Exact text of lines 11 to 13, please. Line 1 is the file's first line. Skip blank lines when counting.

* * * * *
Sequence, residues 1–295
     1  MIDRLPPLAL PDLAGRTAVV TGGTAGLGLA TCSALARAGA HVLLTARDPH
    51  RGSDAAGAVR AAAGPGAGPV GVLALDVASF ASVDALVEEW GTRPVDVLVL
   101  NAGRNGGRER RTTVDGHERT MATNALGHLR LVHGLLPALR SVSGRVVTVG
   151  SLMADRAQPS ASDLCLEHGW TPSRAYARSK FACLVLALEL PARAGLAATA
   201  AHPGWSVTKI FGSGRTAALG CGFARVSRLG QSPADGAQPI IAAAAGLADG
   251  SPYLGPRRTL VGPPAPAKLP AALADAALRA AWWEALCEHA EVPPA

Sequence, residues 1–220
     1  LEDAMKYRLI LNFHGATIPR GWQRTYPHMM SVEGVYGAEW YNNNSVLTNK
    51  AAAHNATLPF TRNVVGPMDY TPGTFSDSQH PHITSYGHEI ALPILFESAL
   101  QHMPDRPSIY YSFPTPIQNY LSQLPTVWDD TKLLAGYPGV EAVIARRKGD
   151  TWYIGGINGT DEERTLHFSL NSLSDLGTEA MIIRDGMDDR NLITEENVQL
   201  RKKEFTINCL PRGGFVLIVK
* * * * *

   101  QHMPDRPSIY YSFPTPIQNY LSQLPTVWDD TKLLAGYPGV EAVIARRKGD
   151  TWYIGGINGT DEERTLHFSL NSLSDLGTEA MIIRDGMDDR NLITEENVQL
   201  RKKEFTINCL PRGGFVLIVK